This weblog thing is getting addictive. At least on the weekends I feel less bad about billing clients for it. I'm kidding. This isn't billable. It's "professional reading." Well, sort of. I take your brief into the bathroom with me, though, and that I'm billing. It's nice to be here on a quiet weekend night. Well, not nice exactly. But tolerable. More than it used to be. But I play golf every Wednesday afternoon, and I take my vacation days and all in all this isn't terrible. Plus this hiring committee stuff is fun. The hardest phone call related to this stuff I ever had to take was this girl, she was from a decent school, great grades, it was totally a borderline call, could have gone either way, and it was just that the people she met didn't click with her, or something. Just wasn't strong enough in comparison. So we decided not to give her an offer, and sent her the form letter, but she called to ask what happened, and at first I put her to voice mail, and I didn't really want to deal with it, but I had to, so I called her back, and I explained that we really liked her, and it was right on the edge, nothing specific that she did, could have gone either way... and she starts crying on the phone, saying we were her top choice firm, and listing off the reasons -- and they weren't bad reasons -- and I just didn't really know what to say. I felt bad, but there was nothing I could do -- and she had an offer from a great firm. But had me on the phone for a half hour, I felt like I was talking her down from the ledge. Other than that this job is pretty cool though.

Friday, March 19, 2004

One of the recruiting coordinators just asked me if I'd be able head up to one of our target schools for a 1L recruiting reception next week. Most of my colleagues hate the receptions, even though it means a night off from work and a free meal. There's travel, and you have to put on a smiley face, and I guess it's a pain, but I kind of enjoy it every once in a while. The difference is that I take names. If I meet a kid and I think he's a jerk, just from the thirty second conversation where he tries to impress me with how much of our website he memorized, or how many of our clients he can toss into a sentence, I jot his name into my Palm Pilot and he doesn't get an offer. But it works in the reverse too. If you give off the right vibe; if, for whatever reason, I just like you, I'm not saying you're going to get an offer, but I'll jot your name down and come resume-scanning time you might get another look. Or maybe you get me for an interviewer and you have a little edge going in. Not going to make a ton of difference but maybe it helps. Cancels out the B+ in Torts. Well, probably not. If you couldn't manage an A in Torts, I don't know if I really have any use for you.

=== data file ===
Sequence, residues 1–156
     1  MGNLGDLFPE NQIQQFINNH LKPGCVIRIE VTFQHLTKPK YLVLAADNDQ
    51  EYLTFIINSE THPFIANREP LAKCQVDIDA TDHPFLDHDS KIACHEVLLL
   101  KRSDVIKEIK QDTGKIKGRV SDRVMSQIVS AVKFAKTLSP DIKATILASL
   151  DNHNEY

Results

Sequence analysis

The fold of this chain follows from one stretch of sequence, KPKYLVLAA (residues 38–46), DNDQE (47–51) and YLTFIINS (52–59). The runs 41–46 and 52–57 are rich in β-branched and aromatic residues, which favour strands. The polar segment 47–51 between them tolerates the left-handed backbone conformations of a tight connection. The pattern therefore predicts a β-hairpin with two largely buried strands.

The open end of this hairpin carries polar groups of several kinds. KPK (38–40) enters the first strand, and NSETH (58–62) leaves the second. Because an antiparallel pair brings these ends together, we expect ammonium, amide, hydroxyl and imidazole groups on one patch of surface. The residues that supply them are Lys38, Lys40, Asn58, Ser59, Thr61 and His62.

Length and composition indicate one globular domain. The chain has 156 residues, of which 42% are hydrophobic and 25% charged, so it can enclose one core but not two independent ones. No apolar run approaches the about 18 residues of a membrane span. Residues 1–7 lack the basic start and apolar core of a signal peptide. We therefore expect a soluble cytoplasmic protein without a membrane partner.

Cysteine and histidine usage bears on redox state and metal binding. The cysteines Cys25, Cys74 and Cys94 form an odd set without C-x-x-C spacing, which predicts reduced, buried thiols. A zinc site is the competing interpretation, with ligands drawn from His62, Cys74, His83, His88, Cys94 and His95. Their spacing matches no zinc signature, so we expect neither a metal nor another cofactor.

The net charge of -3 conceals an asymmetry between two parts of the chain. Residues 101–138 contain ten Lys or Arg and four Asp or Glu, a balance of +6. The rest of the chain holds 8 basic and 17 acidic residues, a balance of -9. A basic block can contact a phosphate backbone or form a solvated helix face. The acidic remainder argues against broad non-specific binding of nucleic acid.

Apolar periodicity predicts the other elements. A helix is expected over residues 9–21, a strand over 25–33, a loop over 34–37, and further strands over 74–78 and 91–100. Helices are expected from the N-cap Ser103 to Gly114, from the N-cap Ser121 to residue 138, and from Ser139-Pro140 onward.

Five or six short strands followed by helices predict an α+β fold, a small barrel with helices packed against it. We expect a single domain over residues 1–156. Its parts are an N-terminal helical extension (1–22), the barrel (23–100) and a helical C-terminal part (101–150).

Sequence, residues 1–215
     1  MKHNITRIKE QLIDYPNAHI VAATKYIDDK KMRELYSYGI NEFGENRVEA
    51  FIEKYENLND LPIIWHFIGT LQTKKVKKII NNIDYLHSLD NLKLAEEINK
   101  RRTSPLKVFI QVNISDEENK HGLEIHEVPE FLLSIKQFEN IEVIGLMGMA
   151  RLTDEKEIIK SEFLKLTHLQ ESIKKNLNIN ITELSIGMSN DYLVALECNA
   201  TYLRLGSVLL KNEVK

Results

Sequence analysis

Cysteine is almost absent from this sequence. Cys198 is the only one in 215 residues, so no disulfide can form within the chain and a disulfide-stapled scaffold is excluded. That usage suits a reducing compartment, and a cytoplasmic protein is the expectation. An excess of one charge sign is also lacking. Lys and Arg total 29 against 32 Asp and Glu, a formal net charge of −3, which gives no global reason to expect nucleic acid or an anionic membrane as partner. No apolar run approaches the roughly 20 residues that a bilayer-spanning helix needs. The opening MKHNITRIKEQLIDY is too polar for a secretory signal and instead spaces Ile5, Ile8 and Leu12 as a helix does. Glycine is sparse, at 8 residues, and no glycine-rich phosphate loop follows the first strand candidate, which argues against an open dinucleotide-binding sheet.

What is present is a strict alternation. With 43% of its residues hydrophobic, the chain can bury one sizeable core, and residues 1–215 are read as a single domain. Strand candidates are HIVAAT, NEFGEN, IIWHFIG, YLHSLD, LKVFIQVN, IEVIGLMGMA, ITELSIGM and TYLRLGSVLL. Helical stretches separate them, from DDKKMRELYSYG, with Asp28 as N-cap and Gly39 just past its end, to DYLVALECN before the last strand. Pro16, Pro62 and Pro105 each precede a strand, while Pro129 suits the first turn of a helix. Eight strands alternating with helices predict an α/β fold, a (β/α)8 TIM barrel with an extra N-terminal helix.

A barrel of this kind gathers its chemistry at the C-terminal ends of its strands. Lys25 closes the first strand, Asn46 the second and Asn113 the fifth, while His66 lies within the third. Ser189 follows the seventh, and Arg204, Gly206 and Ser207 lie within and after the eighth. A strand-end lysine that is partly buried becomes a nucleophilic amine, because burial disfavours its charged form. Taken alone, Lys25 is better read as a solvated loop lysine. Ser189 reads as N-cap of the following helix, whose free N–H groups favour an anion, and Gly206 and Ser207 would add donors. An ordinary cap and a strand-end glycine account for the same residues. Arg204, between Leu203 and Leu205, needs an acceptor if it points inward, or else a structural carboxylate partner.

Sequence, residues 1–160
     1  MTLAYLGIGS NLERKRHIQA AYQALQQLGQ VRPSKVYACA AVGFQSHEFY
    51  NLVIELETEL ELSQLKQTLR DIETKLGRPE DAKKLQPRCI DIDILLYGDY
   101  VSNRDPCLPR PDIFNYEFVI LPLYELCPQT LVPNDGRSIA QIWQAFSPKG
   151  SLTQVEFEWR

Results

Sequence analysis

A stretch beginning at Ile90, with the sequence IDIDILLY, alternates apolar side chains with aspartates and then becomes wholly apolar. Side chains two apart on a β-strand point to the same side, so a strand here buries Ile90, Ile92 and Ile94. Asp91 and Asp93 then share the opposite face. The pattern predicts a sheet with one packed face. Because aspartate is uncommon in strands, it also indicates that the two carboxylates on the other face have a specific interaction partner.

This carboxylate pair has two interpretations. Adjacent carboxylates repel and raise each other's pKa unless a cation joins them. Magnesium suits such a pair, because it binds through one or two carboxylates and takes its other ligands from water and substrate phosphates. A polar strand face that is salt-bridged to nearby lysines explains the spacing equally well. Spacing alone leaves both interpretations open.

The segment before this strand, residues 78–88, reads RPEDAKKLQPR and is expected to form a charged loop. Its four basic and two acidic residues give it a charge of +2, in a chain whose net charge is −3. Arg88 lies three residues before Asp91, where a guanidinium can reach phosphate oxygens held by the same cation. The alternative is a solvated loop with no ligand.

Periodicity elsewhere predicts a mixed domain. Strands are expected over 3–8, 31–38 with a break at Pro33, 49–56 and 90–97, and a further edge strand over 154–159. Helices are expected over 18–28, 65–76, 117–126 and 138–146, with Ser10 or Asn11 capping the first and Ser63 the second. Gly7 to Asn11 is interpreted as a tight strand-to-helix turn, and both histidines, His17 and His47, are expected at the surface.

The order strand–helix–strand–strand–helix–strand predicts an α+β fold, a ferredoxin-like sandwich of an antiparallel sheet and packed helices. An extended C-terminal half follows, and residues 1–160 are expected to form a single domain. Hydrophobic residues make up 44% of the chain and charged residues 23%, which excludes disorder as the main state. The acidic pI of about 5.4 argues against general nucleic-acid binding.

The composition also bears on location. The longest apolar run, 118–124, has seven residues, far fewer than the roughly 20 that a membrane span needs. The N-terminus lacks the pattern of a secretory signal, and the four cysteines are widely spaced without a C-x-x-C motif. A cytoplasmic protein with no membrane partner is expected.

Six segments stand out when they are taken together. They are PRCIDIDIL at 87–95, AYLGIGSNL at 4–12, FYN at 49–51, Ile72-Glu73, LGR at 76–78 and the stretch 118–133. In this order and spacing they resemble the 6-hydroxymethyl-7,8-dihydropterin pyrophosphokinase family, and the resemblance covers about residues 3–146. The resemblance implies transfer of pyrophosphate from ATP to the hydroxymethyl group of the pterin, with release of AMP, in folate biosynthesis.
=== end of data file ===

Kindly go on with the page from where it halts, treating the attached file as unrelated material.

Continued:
Thursday, March 18, 2004

My favorite interviewing story is the time I made the law student totally break down. He was a law review kid, from either Columbia or NYU, I think. He asked me what my favorite thing about the firm was. I told him it was the way everyone was so nice to me after my nervous breakdown. I explained that I'd been in the office for a week straight, doing due diligence on a really important case, as a first-year associate, and the partner I was working for came in and just started screaming at me, throwing things, telling me he was going to throw me right through the window if I didn't get my act together and start earning my salary. So I started crying, and he took the picture frame from my desk, and slammed it into the ground, and glass went everywhere, and I just lost it, and had to be sent away to the hospital to recover for a few days. But when I got back, I explained, everyone was really nice about it. They only made me work 6 days that week, and even let me grab a quick lunch that Friday. So I could tell this kid didn't want to believe anything I was saying, but I kept a straight face through it all. And he asked if I was telling the truth, and I told him I could show him the picture frame to prove it -- that I had the broken picture frame in my drawer, all this time. And I reached for the drawer, to open it, and he quickly said of course he believed me, and wanted to know if things were really that bad. I was the last interview before he went out to lunch with two associates, and when they filed their reports they said he was a mess, couldn't stop shaking and fidgeting, asked all these lifestyle questions, and went to the bathroom right after the main course, and they thought he might have vomited it all up. This is power. Making law students vomit. This is why I like being a lawyer.

Just testing. I spend enough time reading what other people are writing that I may as well start my own page.